Gibson BR-1 Ultratone Lap Steel Electric Guitar, c. 1946

Gibson  BR-1 Ultratone Lap Steel Electric Guitar,  c. 1946

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Item # 8334
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Gibson BR-1 Ultratone Model Lap Steel Electric Guitar, c. 1946, Kalamazoo, Michigan.

One of Gibson's most whimsical 1940s moderne creations, the abstractly shaped and uber-stylish Ultratone Steel Guitar features an oblong asymmetrical body with backpainted Lucite accents. The instrument's visual character was the work of the design firm Barnes & Reinicke, hired by Gibson at the end of WWII to add some new flavor to the company's recipe -- and boy, did they! This is the earliest version of the model and features a blonde lacquer finish on the maple body, with silver and coral pink (!) accents on the plastic hardware.

A single early pre-P-90 single coil pickup with individual alnico magnet polepieces is hidden under the decorative cover and provides the tonal muscle to back up the outrageous looks! It is controlled by an unusual dual-tone-knob circuit, for an added range of sound. The Ultratone in this form was short-lived (the design was modified in 1950), but remains one of Gibson's most unique and visually striking instruments.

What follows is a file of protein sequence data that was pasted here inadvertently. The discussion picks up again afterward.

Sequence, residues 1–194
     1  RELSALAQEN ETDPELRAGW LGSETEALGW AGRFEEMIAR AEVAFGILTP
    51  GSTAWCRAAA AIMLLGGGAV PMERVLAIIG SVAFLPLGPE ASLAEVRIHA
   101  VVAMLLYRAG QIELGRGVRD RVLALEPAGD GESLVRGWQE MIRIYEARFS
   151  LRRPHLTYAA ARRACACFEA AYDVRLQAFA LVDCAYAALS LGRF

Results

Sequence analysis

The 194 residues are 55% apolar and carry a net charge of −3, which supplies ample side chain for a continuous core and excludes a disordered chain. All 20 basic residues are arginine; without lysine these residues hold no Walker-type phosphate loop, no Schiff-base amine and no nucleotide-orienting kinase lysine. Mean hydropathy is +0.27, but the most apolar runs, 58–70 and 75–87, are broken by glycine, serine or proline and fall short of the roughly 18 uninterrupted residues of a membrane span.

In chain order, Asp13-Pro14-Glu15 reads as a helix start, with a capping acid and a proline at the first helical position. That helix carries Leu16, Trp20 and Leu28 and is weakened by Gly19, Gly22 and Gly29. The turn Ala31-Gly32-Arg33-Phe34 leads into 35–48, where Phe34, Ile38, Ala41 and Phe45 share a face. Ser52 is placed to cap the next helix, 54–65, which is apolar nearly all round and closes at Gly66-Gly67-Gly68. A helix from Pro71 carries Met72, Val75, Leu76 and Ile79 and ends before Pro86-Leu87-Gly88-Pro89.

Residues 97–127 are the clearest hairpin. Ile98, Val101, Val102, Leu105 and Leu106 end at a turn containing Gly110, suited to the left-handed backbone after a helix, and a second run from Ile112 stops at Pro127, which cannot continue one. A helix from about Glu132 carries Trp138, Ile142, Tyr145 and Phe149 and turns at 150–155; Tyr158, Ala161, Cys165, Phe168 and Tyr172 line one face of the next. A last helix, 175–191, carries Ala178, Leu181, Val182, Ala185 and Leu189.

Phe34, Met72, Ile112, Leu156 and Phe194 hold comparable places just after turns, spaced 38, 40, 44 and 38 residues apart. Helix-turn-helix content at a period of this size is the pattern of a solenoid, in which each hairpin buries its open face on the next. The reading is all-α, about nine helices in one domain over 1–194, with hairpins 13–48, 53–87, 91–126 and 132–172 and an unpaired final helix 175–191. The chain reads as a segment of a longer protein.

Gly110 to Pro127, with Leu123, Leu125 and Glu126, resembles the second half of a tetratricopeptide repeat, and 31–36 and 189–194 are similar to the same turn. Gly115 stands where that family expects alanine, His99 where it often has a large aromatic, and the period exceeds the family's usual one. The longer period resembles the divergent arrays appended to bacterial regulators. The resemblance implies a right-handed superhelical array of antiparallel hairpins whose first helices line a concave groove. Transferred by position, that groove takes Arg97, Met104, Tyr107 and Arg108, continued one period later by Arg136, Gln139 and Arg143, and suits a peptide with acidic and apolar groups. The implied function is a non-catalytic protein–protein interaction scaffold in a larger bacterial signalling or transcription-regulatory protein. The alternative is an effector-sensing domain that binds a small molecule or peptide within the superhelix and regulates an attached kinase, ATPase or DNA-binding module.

Overall length is 32 1/2 in. (82.6 cm.), 8 1/8 in. (20.6 cm.) wide at lower bout, and 1 7/8 in. (4.8 cm.) in depth, measured at side of rim. Scale length is 22 1/2 in. (572 mm.). Width of nut is 2 1/8 in. (54 mm.).

This early Ultratone has seen some heavy use over the past decades but still looks and sounds pretty much unique. There is wear to the finish overall with some chips, dings, and areas of finish worn away. There have been some hardware modifications, but the pickup and electronics are completely original, leaving the sound unchanged.

The original riveted Kluson tuners with their outrageous rectangular coral plastic buttons are completely intact, as is the fragile hinged cover on the headstock. The clear back-painted Lucite fingerboard has had extra markers added at four positions, augmenting the original dots. This was done by cutting out the plastic from behind and filling the cavity with gold glitter material, a creatively effective method. The top surface of the fingerboard shows rubs and light stains that look like finger marks in glue, possibly related to this work.

The previously hinged pickup and bridge cover is now held in place by a central screw, with a section of black plastic inset into the center that has subsequently cracked. The jackplate on the rear of the body is now brass, and the hinge mechanism is completely gone. There are a couple of holes underneath the body from legs or a stand attachment.

This is not a collector-grade Ultratone, but a cool player's example of one of the coolest and most forward-looking electric guitars in Gibson's storied history. It still sounds great and rests in its original brown oblong case, with a nifty opaque plastic handle. Very Good Condition.